What is reality?
I think the first time I heard that question was about 40 years ago on a Firesign Theatre album, but I have been dealing with it recently in a book I have been reading to my wife at night. Brian Greene’s “The Fabric of the Cosmos” has old non-scientific me thinking a lot more about science than I have since the last time I took a science class in the spring of 1978. I believe it was Chemistry then, but this is Physics.
Anyway, the part of this book that we’ve gotten through so far has dealt with space, time and spacetime.
Greene essentially seems to be saying there’s really no such thing as the past, and there’s barely a present since every moment we’re in the present disappears as soon as the next one comes along. I know I’m oversimplifying right here — what else could I do — but I’m in way over my head.
Except when it comes to the past.
When it comes to the past, I’m a big advocate of Bill Faulkner, who wrote that “the past isn’t dead. In fact, it isn’t even past.”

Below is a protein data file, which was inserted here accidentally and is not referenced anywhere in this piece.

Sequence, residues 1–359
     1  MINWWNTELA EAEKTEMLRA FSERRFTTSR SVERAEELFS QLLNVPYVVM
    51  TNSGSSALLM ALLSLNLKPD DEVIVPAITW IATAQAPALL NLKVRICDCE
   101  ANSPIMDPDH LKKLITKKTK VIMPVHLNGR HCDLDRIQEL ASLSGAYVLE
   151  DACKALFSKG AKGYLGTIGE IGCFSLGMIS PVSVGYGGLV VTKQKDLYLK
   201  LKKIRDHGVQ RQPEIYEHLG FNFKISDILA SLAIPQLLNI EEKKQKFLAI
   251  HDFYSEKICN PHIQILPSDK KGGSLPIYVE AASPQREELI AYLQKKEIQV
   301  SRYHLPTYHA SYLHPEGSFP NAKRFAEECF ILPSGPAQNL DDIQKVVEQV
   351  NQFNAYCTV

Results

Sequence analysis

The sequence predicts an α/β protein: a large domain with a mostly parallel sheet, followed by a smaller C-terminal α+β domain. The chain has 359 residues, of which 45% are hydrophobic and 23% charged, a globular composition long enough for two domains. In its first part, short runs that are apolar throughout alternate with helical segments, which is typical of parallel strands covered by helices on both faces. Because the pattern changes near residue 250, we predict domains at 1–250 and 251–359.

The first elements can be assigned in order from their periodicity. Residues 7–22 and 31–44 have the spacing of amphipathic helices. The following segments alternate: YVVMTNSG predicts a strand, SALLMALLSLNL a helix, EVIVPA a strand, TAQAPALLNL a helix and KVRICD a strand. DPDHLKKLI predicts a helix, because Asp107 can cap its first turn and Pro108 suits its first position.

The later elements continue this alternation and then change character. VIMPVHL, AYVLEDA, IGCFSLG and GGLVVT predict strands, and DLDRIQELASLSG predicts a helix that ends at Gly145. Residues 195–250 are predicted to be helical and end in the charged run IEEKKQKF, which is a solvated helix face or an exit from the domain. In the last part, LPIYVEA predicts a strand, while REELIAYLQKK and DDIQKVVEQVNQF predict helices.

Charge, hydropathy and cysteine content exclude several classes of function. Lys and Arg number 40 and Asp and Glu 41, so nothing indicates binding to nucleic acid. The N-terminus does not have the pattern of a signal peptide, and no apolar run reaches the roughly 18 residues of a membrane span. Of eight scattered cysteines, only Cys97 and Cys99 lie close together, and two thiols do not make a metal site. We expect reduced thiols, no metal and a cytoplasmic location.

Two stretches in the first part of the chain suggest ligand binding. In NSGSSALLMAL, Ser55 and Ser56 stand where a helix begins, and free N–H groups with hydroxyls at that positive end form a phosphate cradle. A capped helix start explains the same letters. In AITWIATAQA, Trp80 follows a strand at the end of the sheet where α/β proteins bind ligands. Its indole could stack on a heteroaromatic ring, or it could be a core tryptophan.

Greene writes that with spacetime being what it is, “If you were having a great time on New Years Eve 1999, you are still having a great time on New Year’s Eve 1999.”
So does that mean it’s still April 1970 and I’m dating Shelley Marcus and reading the first issue of the National Lampoon?
How’s that for a segue? I just received the DVD-ROM containing every one of the 246 issues of the Lampoon, and I’ve been wading through the first few issues, laughing at stuff I haven’t seen in nearly 40 years.
Ain’t time wacky?
Just for the record, I walked again today, eight miles through the countryside outside McDonough. It’s odd because I haven’t really found a route I want to repeat over and over again, but I have exercised five days in a row now and that’s worth something.
Or am I still exercising?
Go away, Brian Greene.